A worker who handles yttrium or a compound of yttrium should thoroughly wash hands, forearms, and face with soap and water before eating, using tobacco products, or using toilet facilities.
Workers should not eat, drink, or use tobacco products in areas where yttrium or its compounds are handled, processed, or stored.
Yttrium and any of its compounds should be stored in a cool, dry, well-ventilated area in tightly sealed containers that are labeled in accordance with OSHA's Hazard Communication Standard [29 CFR 1910.1200]. Containers of yttrium or a compound of yttrium should be protected from physical damage and should be stored separately from combustible materials, halogens, heat, sparks, and open flame. Because empty containers that formerly contained yttrium or its compounds may still hold product residues, they should be handled appropriately.
SPILLS AND LEAKS
In the event of a spill or leak involving yttrium or an yttrium compound, persons not wearing protective equipment and clothing should be restricted from contaminated areas until cleanup has been completed. The following steps should be undertaken following a spill or leak:
1. Do not touch the spilled material.
2. Notify safety personnel.
3. Remove all sources of heat and ignition.
4. Ventilate the area of the spill or leak.
5. Collect spilled material in the most convenient and safe manner for reclamation or for disposal in a secured landfill.
EMERGENCY PLANNING, COMMUNITY RIGHT-TO-KNOW, AND HAZARDOUS WASTE MANAGEMENT REQUIREMENTS
The Environmental Protection Agency's (EPA's) regulatory requirements for emergency planning, community right-to-know, and hazardous waste management may vary over time. Users are therefore advised to determine periodically whether new information is available.
* Emergency planning requirements
Yttrium and its compounds are not subject to EPA emergency planning requirements under the Superfund Amendments and Reauthorization Act (Title III).* Reportable quantity requirements (releases of hazardous substances)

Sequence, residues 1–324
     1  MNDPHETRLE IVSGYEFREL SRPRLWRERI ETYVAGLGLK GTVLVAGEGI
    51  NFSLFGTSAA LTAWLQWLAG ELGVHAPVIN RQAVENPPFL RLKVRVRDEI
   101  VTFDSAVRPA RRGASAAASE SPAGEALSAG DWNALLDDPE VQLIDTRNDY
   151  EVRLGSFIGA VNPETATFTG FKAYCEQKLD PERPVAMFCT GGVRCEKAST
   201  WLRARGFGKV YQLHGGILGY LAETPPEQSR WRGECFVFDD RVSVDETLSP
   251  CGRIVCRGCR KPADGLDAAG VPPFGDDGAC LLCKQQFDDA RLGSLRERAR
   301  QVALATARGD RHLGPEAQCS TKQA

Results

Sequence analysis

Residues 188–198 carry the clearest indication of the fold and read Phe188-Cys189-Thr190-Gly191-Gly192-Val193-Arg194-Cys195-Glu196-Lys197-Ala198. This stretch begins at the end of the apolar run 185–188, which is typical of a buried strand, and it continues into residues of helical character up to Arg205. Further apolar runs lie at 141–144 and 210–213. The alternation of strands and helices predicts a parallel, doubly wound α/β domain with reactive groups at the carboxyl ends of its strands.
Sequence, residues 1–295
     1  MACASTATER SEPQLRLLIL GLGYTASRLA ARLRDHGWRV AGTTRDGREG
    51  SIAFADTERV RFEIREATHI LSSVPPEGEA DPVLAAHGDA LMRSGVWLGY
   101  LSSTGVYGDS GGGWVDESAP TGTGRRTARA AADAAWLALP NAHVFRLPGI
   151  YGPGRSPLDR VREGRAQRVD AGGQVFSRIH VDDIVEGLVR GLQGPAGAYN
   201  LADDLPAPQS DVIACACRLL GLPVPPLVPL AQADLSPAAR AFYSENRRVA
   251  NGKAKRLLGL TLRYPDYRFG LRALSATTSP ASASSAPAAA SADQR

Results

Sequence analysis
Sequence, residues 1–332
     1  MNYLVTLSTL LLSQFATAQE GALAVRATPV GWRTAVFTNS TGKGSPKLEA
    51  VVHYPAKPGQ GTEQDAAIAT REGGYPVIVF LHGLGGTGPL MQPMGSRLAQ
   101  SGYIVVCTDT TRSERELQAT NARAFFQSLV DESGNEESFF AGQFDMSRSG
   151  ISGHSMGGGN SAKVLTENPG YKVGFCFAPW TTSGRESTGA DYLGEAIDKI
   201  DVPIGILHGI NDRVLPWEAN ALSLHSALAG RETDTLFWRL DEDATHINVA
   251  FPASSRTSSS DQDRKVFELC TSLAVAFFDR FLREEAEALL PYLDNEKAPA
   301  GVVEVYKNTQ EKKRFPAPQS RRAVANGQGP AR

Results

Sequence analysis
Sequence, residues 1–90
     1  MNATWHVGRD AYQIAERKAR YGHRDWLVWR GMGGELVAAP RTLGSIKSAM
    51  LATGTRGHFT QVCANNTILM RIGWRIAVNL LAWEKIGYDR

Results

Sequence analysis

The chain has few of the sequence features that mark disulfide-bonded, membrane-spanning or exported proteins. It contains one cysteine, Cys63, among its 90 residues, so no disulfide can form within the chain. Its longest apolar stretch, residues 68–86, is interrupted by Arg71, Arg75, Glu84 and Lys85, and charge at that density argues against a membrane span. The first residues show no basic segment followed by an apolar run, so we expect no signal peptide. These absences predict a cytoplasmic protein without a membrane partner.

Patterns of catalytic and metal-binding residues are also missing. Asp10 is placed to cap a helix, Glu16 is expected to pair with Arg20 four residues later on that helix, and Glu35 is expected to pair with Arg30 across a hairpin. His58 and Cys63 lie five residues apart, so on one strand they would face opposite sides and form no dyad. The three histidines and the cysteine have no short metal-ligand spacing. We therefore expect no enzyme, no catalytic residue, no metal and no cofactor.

Employers are not required by the emergency release notification provisions of the Comprehensive Environmental Response, Compensation, and Liability Act (CERCLA) [40 CFR Part 355.40] to notify the National Response Center of an accidental release of yttrium or an yttrium compound; there is no reportable quantity for this substance.* Community right-to-know requirements
Employers are not required by Section 313 of the Superfund Amendments and Reauthorization Act (SARA) to submit a Toxic Chemical Release Inventory form (Form R) to EPA reporting the amount of yttrium emitted or released from their facility annually.* Hazardous waste management requirements
EPA considers a waste to be hazardous if it exhibits any of the following characteristics: ignitability, corro-sivity, reactivity, or toxicity, as defined in 40 CFR 261.21-261.24. Under the Resource Conservation and Recovery Act (RCRA), EPA has specifically listed many chemical wastes as hazardous. Although yttrium and its compounds are not specifically listed as hazardous wastes under RCRA, EPA requires employers to treat any waste as hazardous if it exhibits any of the characteristics discussed above.RESPIRATORY PROTECTION
* Conditions for respirator use
Good industrial hygiene practice requires that engineering controls be used where feasible to reduce workplace concentrations of hazardous materials to the prescribed exposure limit. However, some situations may require the use of respirators to control exposure. Respirators must be worn if the ambient concentration of yttrium or one of its compounds exceeds prescribed exposure limits. Respirators may be used (1) before engineering controls have been installed, (2) during work operations such as maintenance or repair activities that involve unknown exposures, (3) during operations that require entry into tanks or closed vessels, and (4) during emergency situations. If the use of respirators is necessary, the only respirators permitted are those that have been approved by NIOSH and the Mine Safety and Health Administration (MSHA).* Respiratory protection program
Employers should institute a complete respiratory protection program that, at a minimum, complies with the requirements of OSHA's Respiratory Protection Standard [29 CFR 1910.134]. Such a program must include respirator selection (see Table 1), an evaluation of the worker's ability to perform the work while wearing a respirator, the regular training of personnel, fit testing, periodic workplace monitoring, and regular respirator maintenance, inspection, and cleaning. The implementation of an adequate respiratory protection program (including selection of the correct respirator) requires that a knowledgeable person be in charge of the program and that the program be evaluated regularly. For additional information on the selection and use of respirators and on the medical screening of respirator users, consult the NIOSH Respirator Decision Logic [NIOSH 1987b] and the NIOSH Guide to Industrial Respiratory Protection [NIOSH 1987a].PERSONAL PROTECTIVE EQUIPMENT